I can apply the principal at the level of abundance. What is the most direct route to abundance? Accessing abundance directly, of course. And what stands in the way of me accessing abundance? Nothing. Only my belief that I lack can cloud the present, inalienable reality of abundance.
After all, I have air, water, sensation, experience…all in abundance. And this is perfectly clear the moment I cease to insist that I lack abundance.
I see it again and again the more I look: trying to solve problems from the top-down – starting from the assumption of separation and a hostile reality – doesn’t work. But when I start from the bottom-up and directly access the primary reality…things are much better.
My wife and I were having a disagreement about goats for the past couple of days. It wasn’t really about goats. But it involved goats.
This seems to be how things go in my life, and I assume the same is true in your life. We feel things. These things come up in relationship with others. So in an effort to communicate about them and figure things out so as to live harmoniously, we come up with stories.
But the stories are always around the actual matter. They don’t get to the heart of it.
Anyway, until we got to the heart of the matter, we were having this conflict that had to do about goats. And I was feeling frustrated and discouraged.
When I first got into the whole meditation, self-help, spiritual thing, I did it because I wanted to escape my unwanted feelings.
I didn’t realize it at the time, of course. And had you asked me, I probably wouldn’t have had the courage or the insight to be able to admit it. But in hindsight, it’s clear that I just wanted to escape stuff I didn’t like.
Like frustration, stuckness, discouragement. Plus anxiety, anger, fear, worry, obsessiveness, low self-esteem, etc.
When I was 19, a friend of mine loaned me a Ken Cohen qi gong meditation cassette tape. I’ve probably mentioned this before, but I’ll mention it again.
I listened to that tape. I think I’d probably burned some sage that I’d gotten at the new age bookstore first. Then I listened to the tape. Eyes closed. And I followed along with the guided meditations.
I had an experience that blew my mind. After some time…maybe half an hour of the guided meditation, I disappeared.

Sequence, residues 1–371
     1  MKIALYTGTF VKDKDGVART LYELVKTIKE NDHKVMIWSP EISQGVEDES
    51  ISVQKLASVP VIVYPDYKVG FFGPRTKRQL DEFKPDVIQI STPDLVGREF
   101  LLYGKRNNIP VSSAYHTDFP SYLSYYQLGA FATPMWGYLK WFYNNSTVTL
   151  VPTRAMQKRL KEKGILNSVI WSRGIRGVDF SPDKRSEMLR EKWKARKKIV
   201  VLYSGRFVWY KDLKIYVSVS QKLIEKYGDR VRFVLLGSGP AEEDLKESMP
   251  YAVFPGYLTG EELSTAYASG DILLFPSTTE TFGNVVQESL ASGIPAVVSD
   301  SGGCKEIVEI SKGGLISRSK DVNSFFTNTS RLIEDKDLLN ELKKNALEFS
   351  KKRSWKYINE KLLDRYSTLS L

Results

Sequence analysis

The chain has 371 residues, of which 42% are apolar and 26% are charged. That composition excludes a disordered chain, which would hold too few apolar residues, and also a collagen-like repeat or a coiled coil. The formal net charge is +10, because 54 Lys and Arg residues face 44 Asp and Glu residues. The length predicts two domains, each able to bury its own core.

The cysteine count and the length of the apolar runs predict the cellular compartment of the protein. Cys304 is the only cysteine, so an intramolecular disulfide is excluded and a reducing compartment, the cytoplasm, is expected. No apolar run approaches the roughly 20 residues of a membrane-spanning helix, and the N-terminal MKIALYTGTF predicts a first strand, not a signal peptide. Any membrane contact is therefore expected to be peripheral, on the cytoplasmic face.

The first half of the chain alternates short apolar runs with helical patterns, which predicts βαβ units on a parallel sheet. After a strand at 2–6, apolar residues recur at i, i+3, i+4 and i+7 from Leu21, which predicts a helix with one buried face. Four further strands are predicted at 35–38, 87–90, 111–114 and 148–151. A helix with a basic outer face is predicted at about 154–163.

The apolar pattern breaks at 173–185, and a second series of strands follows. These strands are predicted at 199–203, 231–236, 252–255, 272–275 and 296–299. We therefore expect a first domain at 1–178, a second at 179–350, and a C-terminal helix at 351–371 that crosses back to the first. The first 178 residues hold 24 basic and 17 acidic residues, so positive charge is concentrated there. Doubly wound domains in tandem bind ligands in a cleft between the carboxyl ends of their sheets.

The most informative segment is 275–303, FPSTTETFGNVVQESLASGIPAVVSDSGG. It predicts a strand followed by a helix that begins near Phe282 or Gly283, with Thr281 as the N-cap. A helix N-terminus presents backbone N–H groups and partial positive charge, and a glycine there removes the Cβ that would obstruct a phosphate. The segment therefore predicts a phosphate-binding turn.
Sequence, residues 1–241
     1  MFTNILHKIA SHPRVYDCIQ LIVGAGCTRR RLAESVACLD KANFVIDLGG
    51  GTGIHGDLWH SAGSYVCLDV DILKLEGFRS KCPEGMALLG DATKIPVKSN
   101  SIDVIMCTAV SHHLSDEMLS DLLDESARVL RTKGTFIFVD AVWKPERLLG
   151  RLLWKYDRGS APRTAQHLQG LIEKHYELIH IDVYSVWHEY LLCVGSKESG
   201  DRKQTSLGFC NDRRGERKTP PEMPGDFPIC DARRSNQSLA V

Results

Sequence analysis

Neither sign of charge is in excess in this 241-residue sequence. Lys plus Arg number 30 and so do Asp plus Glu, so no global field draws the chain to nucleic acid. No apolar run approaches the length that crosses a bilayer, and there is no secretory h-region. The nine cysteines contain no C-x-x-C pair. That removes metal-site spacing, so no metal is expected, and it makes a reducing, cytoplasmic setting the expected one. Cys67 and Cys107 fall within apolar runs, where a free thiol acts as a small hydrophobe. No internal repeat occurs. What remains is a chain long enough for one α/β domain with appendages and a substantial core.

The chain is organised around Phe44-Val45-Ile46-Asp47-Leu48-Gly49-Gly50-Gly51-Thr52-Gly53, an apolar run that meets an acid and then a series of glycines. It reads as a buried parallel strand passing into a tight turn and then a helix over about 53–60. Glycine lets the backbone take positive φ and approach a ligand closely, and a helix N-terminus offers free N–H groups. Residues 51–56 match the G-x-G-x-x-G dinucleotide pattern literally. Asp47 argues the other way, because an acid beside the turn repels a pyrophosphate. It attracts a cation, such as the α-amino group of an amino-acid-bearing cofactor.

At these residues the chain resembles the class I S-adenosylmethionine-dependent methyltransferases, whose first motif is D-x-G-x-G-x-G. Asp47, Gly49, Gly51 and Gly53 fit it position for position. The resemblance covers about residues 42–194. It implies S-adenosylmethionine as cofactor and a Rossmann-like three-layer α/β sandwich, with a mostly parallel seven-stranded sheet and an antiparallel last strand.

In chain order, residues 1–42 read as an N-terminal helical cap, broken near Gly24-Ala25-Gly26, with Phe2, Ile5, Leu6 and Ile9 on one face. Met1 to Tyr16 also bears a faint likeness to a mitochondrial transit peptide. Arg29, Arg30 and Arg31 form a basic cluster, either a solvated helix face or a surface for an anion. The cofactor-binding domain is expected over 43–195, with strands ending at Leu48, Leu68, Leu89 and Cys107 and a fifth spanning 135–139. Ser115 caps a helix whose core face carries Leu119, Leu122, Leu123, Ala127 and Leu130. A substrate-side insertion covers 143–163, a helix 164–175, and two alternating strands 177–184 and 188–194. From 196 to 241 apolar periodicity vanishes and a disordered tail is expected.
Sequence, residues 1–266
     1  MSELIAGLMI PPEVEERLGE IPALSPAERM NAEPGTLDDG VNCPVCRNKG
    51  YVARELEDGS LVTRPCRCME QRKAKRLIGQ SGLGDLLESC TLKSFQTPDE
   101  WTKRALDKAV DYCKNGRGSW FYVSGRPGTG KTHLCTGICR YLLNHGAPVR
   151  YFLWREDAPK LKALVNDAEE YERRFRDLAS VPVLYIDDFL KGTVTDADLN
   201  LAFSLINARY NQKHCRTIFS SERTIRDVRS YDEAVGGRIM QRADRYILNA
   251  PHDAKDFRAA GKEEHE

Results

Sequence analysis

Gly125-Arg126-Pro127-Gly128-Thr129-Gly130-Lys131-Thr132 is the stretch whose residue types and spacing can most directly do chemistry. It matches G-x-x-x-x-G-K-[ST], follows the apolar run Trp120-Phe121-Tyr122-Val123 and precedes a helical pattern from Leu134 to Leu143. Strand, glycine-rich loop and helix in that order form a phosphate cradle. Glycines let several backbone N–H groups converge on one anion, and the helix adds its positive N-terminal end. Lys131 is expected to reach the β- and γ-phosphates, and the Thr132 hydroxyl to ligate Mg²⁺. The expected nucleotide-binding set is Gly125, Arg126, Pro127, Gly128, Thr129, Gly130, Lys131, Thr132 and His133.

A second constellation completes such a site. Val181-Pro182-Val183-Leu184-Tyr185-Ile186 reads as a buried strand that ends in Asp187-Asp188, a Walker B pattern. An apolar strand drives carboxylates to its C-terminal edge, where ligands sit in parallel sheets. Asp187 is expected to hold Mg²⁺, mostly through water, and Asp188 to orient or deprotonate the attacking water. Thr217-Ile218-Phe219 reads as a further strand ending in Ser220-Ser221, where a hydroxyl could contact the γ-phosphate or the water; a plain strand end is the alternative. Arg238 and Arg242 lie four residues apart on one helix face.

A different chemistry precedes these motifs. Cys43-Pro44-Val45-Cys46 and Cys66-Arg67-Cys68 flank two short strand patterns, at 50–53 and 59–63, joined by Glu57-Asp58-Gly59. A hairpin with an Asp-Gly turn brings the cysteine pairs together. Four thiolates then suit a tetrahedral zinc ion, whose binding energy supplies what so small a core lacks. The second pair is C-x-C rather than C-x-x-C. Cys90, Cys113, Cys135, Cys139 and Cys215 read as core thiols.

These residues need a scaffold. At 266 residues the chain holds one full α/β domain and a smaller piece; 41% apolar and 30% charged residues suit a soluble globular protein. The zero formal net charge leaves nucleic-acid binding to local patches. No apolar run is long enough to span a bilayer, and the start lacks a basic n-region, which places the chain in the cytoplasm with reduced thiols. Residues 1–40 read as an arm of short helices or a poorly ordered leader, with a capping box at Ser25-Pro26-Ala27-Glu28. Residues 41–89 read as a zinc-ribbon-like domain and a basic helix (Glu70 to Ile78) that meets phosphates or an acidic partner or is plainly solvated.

It was a bit like I had fallen asleep. Deep sleep. And maybe I did fall asleep. I guess that’s possible. And maybe I just made up a story upon waking that something else had happened.
But in a sense, it doesn’t matter because waking from deep sleep is kind of the same thing. Not there. But…but…but upon waking realizing that I was there. Just not the usual way I have identified as being this person, this collection of memories, this collection of ideas and beliefs. But still there. Still present so that upon waking I could say, “I was just in deep sleep” or, in this case, “I just had some far out, mind-blowing meditation experience.”
Anyway, I got hooked. Because that experience was so profoundly restful and such a paradigm shift for me.
And because I was convinced (though I wasn’t fully aware of this at the time) that if I could somehow attain that experience while simultaneously maintaining a sense of my habitual identity (i.e. still claiming that I am the source of my own experience as a separate person)…well…then I’d get rid of all the unpleasant, unwanted experiences/feelings.
I tried so many things to attain what I thought I wanted. I’ve listed them off plenty of times, but it’s fun, so I’ll list a few yet again: Rebirthing (i.e. hyperventilation), LSD, Transcendental Meditation, affirmative prayer, kirtan, Holosync (a very expensive binaural beats meditation program), sitting in satsang with every teacher I could find.
Sometimes I got a taste of that same goneness-but-present experience. But since I still had unpleasant/unwanted feelings that returned, I thought that something “hadn’t worked”. Because, after all, I assumed that when “it worked”, I wouldn’t have unwanted feelings anymore…ever.
For such a long, long time I chased after this fantasy. I wanted to get to continue to hold on to all my dysfunctional ideas of who I am, what I need, how important I am, how I’m right…and simultaneously be happy. And furthermore, I had this dysfunctional and deluded idea that happiness meant an absence of disharmony or conflict or unpleasantness.
Yesterday, as I was feeling frustrated and discouraged, I reflected on what it is that I really want. Not what I think I want – which is the absence of disharmony, conflict, and unpleasantness. Rather, what I really want.
As in, what actually is satisfying.
The answer to this question is at once completely surprising and completely expected.
What I really want is exactly what is happening.
Because life isn’t about acquisition. It’s not about winning. It’s not all about me, my ideas, my preferences, my wants, my hedonism, my impatience.
Life is about this present relationship. This is what truly satisfies.
All I have to do is say yes to it.